At the Daily Caller: Here’s Why A Universal Background Check Law Would Be Bad

Aug 14, 2019 | Featured

Nikki Goeser, our executive director, has a new op-ed at the Daily Caller. Her piece starts this way:

Since the shootings in El Paso, Texas and Dayton, Ohio, many politicians have claimed that a federal law mandating universal background checks — which would apply to the transfer of firearms between private citizens — would help solve, or at least reduce, such shootings in the future.

The problem is not one mass public shooting this century would have been stopped if such a law had been in effect.

In fact, such a system would have real costs and unintended consequences for the public.

Presently, background checks are conducted on those who purchase firearms through the FBI’s National Instant Criminal Background Check System (NICS). Of those who are rejected, the vast majority are “false positives,” meaning they are mistaken for prohibited people and wrongly denied a purchase.

If you’re being stalked or if your life has been threatened and you need to obtain a gun quickly to protect yourself or your loved ones, that problem can be very dangerous, and potentially lethal.

The Bureau of Justice Statistics last released a full annual report on NICS in 2010. (The Obama administration stopped releasing annual reports after that year.) The report revealed that 72,659 individuals had been denied because of NICS. Of that number, just 44 individuals had faced federal prosecutions, and just 13 were convicted.

The reason is simple. All of the information you must provide — on a so-called 4473 form — is not used to properly check the purchaser. Instead of using a person’s exact name, the government looks for phonetically similar names. Using roughly phonetically-similar names and birthdates does not make a reliable system.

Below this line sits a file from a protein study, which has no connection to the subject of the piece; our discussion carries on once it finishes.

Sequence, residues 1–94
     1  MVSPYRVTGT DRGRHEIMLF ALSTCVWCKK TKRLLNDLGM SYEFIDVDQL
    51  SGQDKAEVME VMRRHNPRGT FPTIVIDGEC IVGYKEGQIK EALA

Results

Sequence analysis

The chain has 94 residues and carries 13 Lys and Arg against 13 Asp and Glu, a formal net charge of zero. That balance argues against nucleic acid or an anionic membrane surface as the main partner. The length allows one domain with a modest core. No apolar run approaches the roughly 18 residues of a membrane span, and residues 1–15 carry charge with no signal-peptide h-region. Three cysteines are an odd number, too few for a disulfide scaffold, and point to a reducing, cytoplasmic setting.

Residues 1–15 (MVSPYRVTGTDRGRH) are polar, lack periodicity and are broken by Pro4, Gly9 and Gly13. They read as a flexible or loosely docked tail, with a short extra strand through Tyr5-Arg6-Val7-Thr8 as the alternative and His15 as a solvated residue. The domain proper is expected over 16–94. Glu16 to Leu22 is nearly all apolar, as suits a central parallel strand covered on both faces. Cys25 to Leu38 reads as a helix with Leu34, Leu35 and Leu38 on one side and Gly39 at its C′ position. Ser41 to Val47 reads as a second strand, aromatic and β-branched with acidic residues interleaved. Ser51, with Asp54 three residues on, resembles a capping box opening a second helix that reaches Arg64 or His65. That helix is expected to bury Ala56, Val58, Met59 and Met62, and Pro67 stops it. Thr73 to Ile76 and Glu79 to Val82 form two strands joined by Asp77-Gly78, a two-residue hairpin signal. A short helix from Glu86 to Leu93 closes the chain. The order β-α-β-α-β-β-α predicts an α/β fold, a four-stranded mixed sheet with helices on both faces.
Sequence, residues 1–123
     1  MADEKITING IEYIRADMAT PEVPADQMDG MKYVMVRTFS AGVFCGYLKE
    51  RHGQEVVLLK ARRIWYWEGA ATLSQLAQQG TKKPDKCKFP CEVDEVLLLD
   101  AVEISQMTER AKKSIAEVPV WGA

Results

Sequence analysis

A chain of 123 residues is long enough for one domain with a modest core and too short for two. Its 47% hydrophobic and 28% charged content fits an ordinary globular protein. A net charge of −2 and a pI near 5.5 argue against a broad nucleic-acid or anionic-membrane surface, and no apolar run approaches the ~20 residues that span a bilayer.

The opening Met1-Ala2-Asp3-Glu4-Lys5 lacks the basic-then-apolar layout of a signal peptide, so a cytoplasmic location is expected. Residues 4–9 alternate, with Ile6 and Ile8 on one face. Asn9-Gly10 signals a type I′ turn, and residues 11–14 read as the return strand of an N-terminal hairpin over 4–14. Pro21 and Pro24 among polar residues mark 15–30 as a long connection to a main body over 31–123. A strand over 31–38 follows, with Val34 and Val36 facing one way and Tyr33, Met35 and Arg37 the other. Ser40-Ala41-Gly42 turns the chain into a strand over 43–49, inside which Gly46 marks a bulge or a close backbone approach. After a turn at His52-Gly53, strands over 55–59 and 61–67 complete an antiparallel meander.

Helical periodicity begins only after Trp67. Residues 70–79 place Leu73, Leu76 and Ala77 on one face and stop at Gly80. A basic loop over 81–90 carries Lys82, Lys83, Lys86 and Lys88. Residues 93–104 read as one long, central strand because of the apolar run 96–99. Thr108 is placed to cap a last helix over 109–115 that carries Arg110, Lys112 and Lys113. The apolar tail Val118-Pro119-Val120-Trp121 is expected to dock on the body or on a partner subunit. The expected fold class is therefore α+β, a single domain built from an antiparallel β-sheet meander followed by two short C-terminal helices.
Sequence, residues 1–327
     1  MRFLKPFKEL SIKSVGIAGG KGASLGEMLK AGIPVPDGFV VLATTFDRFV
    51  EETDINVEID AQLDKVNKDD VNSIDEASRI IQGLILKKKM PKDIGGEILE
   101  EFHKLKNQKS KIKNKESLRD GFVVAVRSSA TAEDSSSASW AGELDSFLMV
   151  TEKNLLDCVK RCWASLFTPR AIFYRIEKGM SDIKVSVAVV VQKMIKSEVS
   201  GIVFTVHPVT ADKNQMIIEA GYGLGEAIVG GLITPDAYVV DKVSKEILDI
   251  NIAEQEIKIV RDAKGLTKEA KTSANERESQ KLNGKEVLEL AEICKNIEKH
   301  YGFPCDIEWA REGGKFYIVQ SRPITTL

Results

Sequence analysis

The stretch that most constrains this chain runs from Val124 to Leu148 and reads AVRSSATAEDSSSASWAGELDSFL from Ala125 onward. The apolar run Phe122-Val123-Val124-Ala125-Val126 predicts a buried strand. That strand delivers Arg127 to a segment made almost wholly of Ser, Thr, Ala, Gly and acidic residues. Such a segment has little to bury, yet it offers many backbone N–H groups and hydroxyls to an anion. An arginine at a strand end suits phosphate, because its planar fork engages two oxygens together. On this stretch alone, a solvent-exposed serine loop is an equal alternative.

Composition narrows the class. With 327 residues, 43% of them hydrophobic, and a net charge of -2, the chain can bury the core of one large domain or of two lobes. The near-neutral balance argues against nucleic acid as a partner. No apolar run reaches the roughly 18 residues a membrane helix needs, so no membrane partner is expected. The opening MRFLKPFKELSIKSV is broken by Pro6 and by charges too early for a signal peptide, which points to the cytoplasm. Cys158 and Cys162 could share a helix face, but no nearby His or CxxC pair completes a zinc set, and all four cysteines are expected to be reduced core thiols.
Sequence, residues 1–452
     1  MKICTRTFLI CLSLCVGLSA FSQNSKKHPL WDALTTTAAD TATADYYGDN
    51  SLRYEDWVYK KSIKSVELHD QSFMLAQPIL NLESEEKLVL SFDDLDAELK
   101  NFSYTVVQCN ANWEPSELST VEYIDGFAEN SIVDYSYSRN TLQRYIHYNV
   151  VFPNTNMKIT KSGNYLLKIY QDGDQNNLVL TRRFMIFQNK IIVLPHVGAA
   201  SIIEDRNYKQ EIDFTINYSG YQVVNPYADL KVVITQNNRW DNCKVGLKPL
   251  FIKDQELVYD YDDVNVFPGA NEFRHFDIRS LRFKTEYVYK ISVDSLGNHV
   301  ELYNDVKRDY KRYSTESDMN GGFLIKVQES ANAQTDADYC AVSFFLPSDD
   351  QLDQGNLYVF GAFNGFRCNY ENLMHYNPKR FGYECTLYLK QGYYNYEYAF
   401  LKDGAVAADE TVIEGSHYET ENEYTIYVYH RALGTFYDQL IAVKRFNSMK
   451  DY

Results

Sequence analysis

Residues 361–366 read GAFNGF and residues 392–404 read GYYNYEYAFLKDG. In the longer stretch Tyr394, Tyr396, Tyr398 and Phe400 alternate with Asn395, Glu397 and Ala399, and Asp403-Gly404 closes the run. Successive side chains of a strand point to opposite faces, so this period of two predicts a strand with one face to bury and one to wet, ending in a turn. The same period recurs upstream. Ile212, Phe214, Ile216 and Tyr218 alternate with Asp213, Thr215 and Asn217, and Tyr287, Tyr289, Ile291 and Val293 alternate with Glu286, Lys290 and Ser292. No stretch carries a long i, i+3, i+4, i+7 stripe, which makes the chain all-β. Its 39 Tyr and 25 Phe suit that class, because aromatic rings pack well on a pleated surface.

Over the years, these “false positives” have added up to several million people. That is several million people who were denied their basic human right of self-defense.

While in theory it is possible to appeal these decisions yourself, most people have to hire a lawyer. It costs thousands of dollars to pay an attorney to try and have the mistake cleared up, and the process can take many months. Not everyone has the luxury of that kind of money or time. The person threatening your life will not patiently wait for you to get this mistake fixed before they choose to attack you. . . .

The rest of her piece is available here.


1 Comment

  1. Tionico

    As much fuss as is made over this broken system, it seems beyond imagination that it does NOT base every record/inquiry on EXACT NAME and date of birth.

    WHY cannot this system simply use the exact name as registered for one’s entire life with the Social Security System? That never changes, except by court order as when someone marries. But then the name oh that account is changed to the new name. Again, by using that exact name as registered with Social Security, all the false matches, near misses, phonetic similarities, are done away with.

    Their refusal to FIX this reeks of incompetence. Or possibly a deliberate choice of will to MAKE the system ineffective.

    What really should happen is for the entire NICS system to be made accessible to anyone wishing to sell a firearm. Access the website, enter name exactly as is registered with Social Security, enter date of birth, and state of residence. Once all three of these are entered, the system clunks and clangs, and delivers a PROCEED or DENY code together with a number. Seller records that number for future reference. If PROCEED is given, proceed with the sale. If DENY, then it is up to the putative transferee to find out how to fix it.

    Note, I did NOT make any mention of the descriptio of the arm being transfered. Why? Not germane to the query. The system was originally set up to determine whether the PERSON acquiring the firearm is legally able to possess one. WHAT he is wanting to possess is NOT the question. Stick to the Main Thing…. which is this:
    is George lawfully able to be in possession of a firearm at present, the one I am wanting to sell? Yes? No? With that answer provided by the system, that’s all that is needed to proceed with the sale.